At this point, we continue these intravenous treatments once every four to six weeks, as maintenance therapy, indefinitely. We have discovered that if the patient goes more than six months without receiving treatments, some of the benefits may disappear. For the relief of arterial blockages, I have personally seen fairly dramatic improvements in cardiac function, along with improved blood flow to the feet and legs from the relief of peripheral artery disease, and improved blood flow to the brain from relief of carotid blockages. These treatments are safe. In thirty years of providing thousands of these treatments, I’ve only observed a few minor side effects and nothing negative of any significance. That’s not a bad track record, especially when we compare it to the conventional medical alternative of surgery. There are well-known, life-threatening complications of cardiac catheterization (in which balloons or stents are inserted) and surgery (such as bypass operations), and the benefits may be short-lived. Balloon angioplasties often do not last for long, and stents often become blocked. While I don’t believe that chelation is for everyone, it is certainly an option for many. Let’s put it this way: if I were personally diagnosed with any arterial blockage, I would get chelated before I would undergo cardiac catheterization or surgery.
As previously noted, chelation has been accompanied by intense controversy over the years. Most conventional physicians believe that this treatment has no validity whatsoever and should never be attempted. Other physicians who have observed the effects of these treatments are convinced that this is a safe and effective process. As I write these words, several large, ongoing clinical trials are in place, attempting to clarify the answer to these important questions. Some observers of this controversy boil it down to economics: when you can charge $40,000 for a highly technical cardiac procedure, why would you consider an approach that only nets you $2,000? Many people who have benefited greatly from this procedure have been quick to point out this discrepancy.
Duncan first came to me when he was fifty-nine, in February 1997. He expressed his major concern very succinctly at our first visit: “I’ve got plugged up arteries.” Duncan related a long history of coronary artery disease that began in 1980, when he underwent a six-vessel bypass procedure. Then, in 1992, he had a second four-vessel procedure performed. He had become concerned with increasing symptoms of shortness of breath and chest tightness and with the results of an angiogram performed in December 1996 that showed 100 percent occlusion of his right coronary artery grafts and 75 to 90 percent occlusion of a second graft area. His cardiologist did not feel that he could reach that area of occlusion with a balloon or stent, and medications were not effective in improving his condition.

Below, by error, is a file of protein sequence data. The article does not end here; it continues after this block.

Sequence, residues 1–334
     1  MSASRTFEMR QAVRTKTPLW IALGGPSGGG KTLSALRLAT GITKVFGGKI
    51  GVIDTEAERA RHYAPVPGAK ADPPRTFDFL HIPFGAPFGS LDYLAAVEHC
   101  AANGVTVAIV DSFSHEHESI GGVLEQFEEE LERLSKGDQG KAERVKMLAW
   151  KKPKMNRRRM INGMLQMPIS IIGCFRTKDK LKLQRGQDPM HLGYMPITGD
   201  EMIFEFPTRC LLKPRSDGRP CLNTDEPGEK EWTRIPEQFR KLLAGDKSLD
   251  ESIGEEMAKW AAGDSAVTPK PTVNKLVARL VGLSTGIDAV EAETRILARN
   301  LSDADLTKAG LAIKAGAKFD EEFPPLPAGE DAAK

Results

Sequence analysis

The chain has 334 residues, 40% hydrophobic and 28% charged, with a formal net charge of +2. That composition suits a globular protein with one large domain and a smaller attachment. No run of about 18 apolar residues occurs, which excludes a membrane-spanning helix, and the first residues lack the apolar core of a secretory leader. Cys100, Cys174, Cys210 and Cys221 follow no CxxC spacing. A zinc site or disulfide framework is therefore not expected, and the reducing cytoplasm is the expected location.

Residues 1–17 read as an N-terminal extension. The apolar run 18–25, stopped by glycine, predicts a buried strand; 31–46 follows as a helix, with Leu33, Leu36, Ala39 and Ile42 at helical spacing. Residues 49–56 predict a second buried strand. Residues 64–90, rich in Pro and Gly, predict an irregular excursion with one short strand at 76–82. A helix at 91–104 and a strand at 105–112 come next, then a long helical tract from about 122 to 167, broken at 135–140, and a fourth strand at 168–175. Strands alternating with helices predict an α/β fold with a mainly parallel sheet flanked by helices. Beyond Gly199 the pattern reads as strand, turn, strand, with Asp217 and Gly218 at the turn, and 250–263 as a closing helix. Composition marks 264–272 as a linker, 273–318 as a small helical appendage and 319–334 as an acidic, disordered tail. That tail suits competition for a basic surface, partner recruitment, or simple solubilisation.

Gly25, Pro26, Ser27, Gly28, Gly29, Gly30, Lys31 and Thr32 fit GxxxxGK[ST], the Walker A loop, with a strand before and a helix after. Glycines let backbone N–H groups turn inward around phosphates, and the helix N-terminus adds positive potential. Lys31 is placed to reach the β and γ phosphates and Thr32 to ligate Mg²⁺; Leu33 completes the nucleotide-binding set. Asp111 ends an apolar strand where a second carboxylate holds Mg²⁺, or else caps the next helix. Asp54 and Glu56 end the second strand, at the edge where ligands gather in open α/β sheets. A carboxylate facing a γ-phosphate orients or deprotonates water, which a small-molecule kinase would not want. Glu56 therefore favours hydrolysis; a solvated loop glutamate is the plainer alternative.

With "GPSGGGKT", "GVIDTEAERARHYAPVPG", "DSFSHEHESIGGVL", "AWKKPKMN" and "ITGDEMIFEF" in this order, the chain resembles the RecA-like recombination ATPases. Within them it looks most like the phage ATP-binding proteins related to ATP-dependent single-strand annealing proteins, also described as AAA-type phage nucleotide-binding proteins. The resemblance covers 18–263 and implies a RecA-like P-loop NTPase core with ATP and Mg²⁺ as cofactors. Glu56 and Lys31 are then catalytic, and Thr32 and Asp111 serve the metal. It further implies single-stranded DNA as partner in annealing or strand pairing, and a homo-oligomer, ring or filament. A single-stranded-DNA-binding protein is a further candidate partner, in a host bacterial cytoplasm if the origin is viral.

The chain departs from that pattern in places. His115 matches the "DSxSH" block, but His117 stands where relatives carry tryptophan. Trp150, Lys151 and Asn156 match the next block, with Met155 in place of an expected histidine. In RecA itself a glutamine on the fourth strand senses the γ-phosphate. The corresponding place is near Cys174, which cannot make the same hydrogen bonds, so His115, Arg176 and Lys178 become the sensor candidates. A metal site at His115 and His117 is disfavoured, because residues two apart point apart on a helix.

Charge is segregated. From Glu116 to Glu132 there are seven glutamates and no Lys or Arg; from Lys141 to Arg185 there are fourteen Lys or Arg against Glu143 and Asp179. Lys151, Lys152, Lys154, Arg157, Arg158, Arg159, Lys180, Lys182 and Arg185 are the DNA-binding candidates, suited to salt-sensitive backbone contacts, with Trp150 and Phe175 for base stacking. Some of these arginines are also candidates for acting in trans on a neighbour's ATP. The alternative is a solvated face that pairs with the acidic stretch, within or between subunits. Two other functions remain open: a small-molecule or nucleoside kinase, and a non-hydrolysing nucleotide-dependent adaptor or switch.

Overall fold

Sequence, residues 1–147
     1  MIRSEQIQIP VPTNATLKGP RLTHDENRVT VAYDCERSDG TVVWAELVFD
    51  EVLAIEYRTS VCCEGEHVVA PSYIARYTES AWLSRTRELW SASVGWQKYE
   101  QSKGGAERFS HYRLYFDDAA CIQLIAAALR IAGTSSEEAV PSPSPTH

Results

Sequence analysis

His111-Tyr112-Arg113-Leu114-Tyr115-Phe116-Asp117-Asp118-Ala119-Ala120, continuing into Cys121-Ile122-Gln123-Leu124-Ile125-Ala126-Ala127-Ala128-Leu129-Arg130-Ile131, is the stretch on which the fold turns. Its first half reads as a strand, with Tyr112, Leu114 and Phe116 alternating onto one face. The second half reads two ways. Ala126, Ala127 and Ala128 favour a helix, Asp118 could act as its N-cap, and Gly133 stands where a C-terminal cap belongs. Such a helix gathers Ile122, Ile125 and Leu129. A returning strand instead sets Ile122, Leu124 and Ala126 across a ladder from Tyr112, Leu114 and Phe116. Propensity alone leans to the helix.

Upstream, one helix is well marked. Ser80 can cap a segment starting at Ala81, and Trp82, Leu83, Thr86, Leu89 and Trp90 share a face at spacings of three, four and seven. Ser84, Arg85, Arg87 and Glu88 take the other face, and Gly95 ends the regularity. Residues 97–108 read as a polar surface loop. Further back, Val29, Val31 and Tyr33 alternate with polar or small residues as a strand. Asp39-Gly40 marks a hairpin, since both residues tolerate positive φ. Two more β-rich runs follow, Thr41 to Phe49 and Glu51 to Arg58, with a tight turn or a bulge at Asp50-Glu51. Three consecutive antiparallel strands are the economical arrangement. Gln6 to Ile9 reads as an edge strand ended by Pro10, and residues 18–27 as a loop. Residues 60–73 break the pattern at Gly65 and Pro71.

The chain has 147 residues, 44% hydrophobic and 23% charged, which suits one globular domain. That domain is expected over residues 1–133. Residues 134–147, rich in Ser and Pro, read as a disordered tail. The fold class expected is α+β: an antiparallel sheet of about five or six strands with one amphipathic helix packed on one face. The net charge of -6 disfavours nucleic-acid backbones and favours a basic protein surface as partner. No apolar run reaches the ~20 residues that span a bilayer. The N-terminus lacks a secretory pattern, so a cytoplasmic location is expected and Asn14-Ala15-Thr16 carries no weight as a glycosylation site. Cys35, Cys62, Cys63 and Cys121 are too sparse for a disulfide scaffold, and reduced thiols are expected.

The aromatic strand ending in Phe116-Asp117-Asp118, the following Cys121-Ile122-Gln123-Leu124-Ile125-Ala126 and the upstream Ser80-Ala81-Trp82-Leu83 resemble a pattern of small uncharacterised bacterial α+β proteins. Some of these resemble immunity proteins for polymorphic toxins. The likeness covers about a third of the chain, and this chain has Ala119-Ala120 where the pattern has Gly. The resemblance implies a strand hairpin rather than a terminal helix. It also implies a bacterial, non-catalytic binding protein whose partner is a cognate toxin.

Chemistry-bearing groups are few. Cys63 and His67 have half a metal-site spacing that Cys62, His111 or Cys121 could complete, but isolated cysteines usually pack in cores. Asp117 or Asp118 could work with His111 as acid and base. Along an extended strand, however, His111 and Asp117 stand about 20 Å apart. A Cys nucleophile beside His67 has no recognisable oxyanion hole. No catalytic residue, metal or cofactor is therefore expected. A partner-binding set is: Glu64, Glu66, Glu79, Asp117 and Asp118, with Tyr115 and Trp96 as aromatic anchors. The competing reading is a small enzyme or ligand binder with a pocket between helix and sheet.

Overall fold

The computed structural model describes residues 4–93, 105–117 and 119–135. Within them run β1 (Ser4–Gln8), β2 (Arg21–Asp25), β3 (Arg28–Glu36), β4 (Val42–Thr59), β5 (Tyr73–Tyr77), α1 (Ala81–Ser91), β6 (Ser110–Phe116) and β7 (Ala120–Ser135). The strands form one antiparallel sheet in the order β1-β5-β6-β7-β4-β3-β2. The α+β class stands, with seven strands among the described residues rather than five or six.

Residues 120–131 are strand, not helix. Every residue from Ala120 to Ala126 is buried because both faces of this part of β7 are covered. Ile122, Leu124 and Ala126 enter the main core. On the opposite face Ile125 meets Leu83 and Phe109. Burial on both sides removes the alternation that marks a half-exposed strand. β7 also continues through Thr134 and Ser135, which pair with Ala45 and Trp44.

I began treating Duncan with EDTA chelation therapy, which involved twenty initial treatments and one treatment monthly thereafter. Duncan did extremely well with his program, noting marked improvement clinically, which was confirmed a year later on a follow-up angiogram. By the time he had completed the first ten treatments, he was no longer short of breath, no longer had chest pain, and was able to go to work all day with increased stamina and energy. His cardiologist was amazed by his improvement, but as is usually the case, was loathe to attribute this improvement to Duncan’s chelation efforts.
Duncan did very well on this program, and he was able to continue full-time work for many years until his expected retirement at age sixty-five. He continued his treatments but did have a minor setback in 2007, when he needed the placement of two stents by his cardiologist. Years later, continuing his chelation treatments, Duncan continues to be active and healthy and is convinced that he would not be alive today had he not undergone this form of treatment. I suspect that is true. Although his cardiologist still doubts the benefit of his chelation treatments, he has often commented to Duncan that his impressive improvement is baffling and admits that it cannot be explained by conventional medical concepts. But Duncan just smiles and shakes his head; he has no intention of stopping this treatment that has proven so effective.
You can read more about the treatment of heart disease via chelation in Dr. Nathan’s book, Healing Is Possible: New Hope for Chronic Fatigue, Fibromyalgia, Persistent Pain, and Other Chronic Illnesses. In the chapter on chelation he also addresses the need for chelation for mercury toxicity, and problem that is more common than most physician’s and dentists realize.